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Genetic Basis Of Inheritance

A. ENOTYPE-Phenotype concept

In order to make definite distinction between hereditary and environmental variations, Johannsen (1909) formulated the genotype-phenotype concept. According to him, the genotype of an individual represents sum total of heredity. On the other hand, phenotype represents features, which are produced by interaction between genotype and environment.

”A genotype can thus exhibit different phenotypes under different conditions. This is referred to as individual’s norm of reaction to the environment. Therefore, similar genotypes may not have the same phenotype. Conversely, similar phenotypes do not necessarily mean same genotype.

”As an interesting case, we may consider the example of Himalayan albino rabbits, which are characterized by black colour on feet, ears, nose and tail, the remaining body being white. If  hairs from white part were plucked and the rabbit was allowed to stay at a cold place, the developing hairs were found to be black rather than white. Such changes due to different environments are normally of an adaptive nature.

Phenocopies

”When two genotypes produce the same phenotype due to different environments, one is called the phenocopy of the other, because they differ genotypically.

”Phenocopy (Goldschmidt, 1935) is nonhereditary phenotypic modification, caused by special environmental condition, that mimics a similar phenotype. For instance, in Drosophila melanogaster, normal body colour is brown and a heredity variant has yellow colour. It was observed that brown and yellow flies reproduce sincerely, irrespective of changes in the environment. Cases are known where normal larvae (brown), when raised on food containing silver salts, develop into yellow flies. This is a phenocopy of yellow mutant, but would give rise to brown flies in normal environment.

B. Interaction of genes.

Genes interaction is the influence of alleles and non-alleles on the normal phenotypic exprssion of genes. It is of two types.

(1) Inter–allelic or intra–genic gene interaction : In this case two alleles (located on the same gene locus on two homologous chromosomes) of gene interact in such a fashion to produces phenotypic expression e.q. co-dominance, multiple alleles.

(i) Incomplete dominance (1:2:1 ratio) : After Mendel, several cases were recorded where F1 hybrids were not related to either of the parents but exhibited a blending of characters of two parents. This is called incomplete dominance or blending inheritance.

(ii) Codominance (1:2:1 ratio) : In codominance, both the genes of an allelomorphic pair express themselves equally in F1 hybrids. 1:2:1 ratio both genotypically as well as phenotypically in F2generation.In cattle gene R stands for red coat colour and gene r stands for white coat colour. When red cattle (RR)are crossed with white cattle (rr),the F1hybrids have roan coloured skin (not the intermediate pink). The roan colour is actually expressed by a mixture of red and white hairs, which develop side by side in the heterozygous F1 hybrid. In F2 generation red, roan and white appear in the ratio of 1 : 2 : 1. The phenotypic ratio equal to genotypic ratio RR,Rr, rr(1 : 2 : 1).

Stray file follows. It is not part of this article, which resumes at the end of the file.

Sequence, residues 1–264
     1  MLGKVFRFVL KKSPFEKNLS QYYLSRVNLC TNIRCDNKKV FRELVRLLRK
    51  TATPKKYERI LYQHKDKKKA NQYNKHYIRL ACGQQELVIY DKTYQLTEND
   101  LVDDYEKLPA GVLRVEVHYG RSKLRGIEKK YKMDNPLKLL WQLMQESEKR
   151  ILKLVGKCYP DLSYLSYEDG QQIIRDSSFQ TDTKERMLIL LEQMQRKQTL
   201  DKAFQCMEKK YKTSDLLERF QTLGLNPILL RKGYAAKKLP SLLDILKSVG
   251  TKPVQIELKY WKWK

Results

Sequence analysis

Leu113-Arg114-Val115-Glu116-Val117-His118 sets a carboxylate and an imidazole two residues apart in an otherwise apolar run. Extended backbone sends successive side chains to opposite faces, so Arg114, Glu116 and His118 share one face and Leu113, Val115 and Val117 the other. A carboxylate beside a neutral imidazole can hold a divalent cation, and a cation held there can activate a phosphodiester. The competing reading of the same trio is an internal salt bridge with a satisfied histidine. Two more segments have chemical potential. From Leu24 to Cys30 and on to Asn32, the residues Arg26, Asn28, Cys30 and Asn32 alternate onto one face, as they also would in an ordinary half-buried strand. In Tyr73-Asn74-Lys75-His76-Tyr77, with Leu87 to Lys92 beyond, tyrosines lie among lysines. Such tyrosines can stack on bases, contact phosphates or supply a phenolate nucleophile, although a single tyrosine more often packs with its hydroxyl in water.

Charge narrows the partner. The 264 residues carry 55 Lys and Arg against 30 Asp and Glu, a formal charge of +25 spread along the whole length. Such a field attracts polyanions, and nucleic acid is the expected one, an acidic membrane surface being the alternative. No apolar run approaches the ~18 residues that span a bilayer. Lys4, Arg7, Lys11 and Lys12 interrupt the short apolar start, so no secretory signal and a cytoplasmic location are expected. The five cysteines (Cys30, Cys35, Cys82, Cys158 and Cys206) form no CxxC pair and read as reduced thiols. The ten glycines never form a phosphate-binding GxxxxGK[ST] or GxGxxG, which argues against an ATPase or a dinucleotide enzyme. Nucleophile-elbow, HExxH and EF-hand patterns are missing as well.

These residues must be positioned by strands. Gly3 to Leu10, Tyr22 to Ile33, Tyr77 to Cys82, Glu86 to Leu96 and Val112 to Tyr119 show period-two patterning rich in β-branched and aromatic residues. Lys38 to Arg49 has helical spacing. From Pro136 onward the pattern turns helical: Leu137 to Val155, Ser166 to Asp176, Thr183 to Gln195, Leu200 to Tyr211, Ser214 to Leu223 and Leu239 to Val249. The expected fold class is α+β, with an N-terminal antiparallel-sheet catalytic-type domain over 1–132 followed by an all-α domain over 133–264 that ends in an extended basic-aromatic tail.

Differences between incomplete dominance and codominance

Incomplete dominance

Codominance

Effect of one of the two alleles is more conspicuous.

The effect of both the alleles is equally conspicuous.

It produces a fine mixture of the expression of two alleles.

There is no mixing of the effect of the two alleles.

The effect in hybrid is intermediate of the expression of the two alleles.

Both the alleles produce their effect independently, e.g., IA and IB, HbSand HbA.

(2) Non–allelic or inter-genic gene interactiOn : Here two or more independent genes present on same or different chromosomes, interact to produce a new expression e.g. epistasis, complementary genes, supplementary genes, duplicate genes, inhibitory genes, lethal genes etc.

(i) Complementary genes (9 : 7 ratio) : The complementary genes are two pairs of nonallelic dominant genes (i.e.present on separate gene loci), which interact to produce only one phenotypic trait, but neither of them if present alone produces the phenotypic trait in the absence of other.

(ii) Supplementary genes (9 : 3 : 4 ratio) : Supplementary genes are two independent pairs of dominant genes. Which interact in such a way that one dominant gene will produce its effect whether the other is present or not. The second dominant when added changes the expression of the first one but only in the presence of first one. In rats and guinea pigs coat colour is governed by two dominant genes Aand C,the agouti-coloured guinea pigs have genotype CCAA. The black mice possess factor for black colour Cbut not the gene A for agouti colour. If gene for black colour is absent agouti is unable to express itself and mice with a genotype ccAAare albino. Here presence of gene Cproduced black colour and addition of gene Achange its expression to agouti colour.